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Customer Review

on 26 September 2010
I have always known of Arthur Wharton's athletic feat of setting the 100 yards world record in 1886 but did not know that he also had been a professional footballer, apparently a remarkable goalkeeper playing for a number of northern clubs, and cricketer in the professional Lancashire League. For years I did not even know that he was black. This book provides a very interesting account of this long-lost career, in the main gleaned from contemporary newspaper accounts. Vasili's thesis is that Wharton had to contend with the casual racism and class divisions of a Britain in its imperial heyday and that he did this by fighting his own corner and becoming a hero in the working class communities of the north despite his middle class Ghanaian (Gold Coast) background.

I do not have any problem with Vasili's overall analysis of the imperial/colonial society that produced the prevalent attitudes of the time which eventually led to a `loss of memory' so that his name became less and less mentioned, absent even from some histories of goalkeeping. But I do think his concern to berate racism in sport rather loses sight of Wharton's life so that it becomes lost in a more general argument. Certainly I, for one, found it difficult to follow the sequence of events in his career. Vasili ranges far and wide with examples of black sportsmen, chiefly from the US, who have faced up to the challenge of operating in a racist society - all well and good but a closer digging around the personal experience of Wharton in his social context would have been more helpful I think. So this perhaps is a polemic more than a biography but interesting for all that, worth a read. I noticed one bad factual error: Malcolm X was never leader of the Black Panthers who were actually founded after his assassination.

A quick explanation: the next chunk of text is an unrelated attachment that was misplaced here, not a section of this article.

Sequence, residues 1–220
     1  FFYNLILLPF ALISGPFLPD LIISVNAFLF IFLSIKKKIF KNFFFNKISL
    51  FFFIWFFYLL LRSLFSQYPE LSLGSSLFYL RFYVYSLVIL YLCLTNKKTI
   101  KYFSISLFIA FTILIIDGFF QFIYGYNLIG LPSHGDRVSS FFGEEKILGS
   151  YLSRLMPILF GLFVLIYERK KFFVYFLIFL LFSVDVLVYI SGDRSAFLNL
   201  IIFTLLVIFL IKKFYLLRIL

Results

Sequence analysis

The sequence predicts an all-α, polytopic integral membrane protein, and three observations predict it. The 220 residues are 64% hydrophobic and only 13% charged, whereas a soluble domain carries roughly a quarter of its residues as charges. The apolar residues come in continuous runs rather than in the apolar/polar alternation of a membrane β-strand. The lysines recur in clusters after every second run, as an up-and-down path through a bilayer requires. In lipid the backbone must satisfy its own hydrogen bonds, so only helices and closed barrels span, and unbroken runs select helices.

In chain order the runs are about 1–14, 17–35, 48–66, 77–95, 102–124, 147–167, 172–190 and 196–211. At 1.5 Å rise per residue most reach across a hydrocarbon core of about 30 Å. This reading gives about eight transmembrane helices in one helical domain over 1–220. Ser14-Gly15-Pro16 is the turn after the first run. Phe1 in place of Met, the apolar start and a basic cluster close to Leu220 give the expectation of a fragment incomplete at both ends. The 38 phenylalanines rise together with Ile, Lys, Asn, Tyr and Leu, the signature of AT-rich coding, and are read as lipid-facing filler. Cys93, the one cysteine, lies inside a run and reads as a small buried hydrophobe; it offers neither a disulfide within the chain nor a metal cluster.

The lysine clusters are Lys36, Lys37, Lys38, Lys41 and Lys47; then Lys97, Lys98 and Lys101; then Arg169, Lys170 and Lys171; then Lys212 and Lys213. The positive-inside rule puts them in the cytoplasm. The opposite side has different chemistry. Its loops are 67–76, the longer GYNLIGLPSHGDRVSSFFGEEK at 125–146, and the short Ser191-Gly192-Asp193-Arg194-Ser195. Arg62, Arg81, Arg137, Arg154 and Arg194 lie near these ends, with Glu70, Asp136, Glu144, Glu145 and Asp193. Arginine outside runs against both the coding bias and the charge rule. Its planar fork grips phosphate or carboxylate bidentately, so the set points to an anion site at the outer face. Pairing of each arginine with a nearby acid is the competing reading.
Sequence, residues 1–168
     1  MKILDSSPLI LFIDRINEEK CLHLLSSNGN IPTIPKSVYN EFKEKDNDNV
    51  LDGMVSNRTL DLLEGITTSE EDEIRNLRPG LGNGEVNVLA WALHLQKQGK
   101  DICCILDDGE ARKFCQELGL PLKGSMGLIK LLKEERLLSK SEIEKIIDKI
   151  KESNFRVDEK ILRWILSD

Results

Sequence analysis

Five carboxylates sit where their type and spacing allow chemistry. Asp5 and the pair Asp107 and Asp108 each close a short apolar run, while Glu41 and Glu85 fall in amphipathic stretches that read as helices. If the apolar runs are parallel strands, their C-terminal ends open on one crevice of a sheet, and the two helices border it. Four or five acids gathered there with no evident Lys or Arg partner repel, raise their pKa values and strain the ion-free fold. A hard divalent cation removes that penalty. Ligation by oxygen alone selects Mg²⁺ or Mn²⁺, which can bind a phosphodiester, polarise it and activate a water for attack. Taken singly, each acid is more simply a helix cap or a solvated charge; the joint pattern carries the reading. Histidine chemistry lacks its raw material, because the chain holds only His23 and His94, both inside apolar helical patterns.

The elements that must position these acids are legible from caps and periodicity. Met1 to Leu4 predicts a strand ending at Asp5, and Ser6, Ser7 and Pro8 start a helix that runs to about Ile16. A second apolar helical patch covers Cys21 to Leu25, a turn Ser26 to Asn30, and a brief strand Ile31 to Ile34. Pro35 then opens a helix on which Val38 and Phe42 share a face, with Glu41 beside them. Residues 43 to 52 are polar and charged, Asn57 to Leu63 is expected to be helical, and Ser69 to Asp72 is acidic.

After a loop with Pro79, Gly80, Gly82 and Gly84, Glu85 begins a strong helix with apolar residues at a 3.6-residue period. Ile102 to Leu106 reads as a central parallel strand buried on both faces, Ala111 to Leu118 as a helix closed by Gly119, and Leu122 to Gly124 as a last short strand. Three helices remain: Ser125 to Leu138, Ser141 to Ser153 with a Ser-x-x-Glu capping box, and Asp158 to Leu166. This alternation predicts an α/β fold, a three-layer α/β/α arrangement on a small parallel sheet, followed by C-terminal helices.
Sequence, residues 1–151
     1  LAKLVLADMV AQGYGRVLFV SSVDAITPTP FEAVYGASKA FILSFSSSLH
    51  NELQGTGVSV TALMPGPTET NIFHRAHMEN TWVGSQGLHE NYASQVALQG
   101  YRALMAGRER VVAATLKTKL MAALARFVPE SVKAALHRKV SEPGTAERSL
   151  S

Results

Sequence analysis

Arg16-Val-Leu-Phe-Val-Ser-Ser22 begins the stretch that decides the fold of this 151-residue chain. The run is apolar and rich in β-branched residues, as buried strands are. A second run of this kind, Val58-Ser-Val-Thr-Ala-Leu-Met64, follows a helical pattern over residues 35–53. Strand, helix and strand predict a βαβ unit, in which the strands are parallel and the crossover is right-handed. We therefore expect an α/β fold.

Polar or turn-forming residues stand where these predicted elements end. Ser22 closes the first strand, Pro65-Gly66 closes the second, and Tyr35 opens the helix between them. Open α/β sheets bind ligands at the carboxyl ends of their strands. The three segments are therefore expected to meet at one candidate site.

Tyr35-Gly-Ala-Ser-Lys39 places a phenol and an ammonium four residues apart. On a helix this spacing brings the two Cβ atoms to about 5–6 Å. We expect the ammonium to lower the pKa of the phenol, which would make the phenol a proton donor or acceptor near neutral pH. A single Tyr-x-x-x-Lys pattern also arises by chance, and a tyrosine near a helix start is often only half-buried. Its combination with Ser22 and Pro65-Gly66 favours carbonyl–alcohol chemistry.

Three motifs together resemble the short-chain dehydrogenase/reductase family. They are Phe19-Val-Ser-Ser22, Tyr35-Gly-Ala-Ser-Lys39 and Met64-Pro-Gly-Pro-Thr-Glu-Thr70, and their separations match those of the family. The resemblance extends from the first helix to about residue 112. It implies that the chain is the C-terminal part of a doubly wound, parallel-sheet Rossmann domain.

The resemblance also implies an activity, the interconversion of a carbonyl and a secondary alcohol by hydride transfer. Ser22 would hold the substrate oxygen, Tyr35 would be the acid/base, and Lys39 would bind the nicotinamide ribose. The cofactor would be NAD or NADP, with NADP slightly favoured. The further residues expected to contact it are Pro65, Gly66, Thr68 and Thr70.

Note that the book is actually by Phil Vasili not by Irvine Welsh, as advertised, who merely provides a 3-page foreword.
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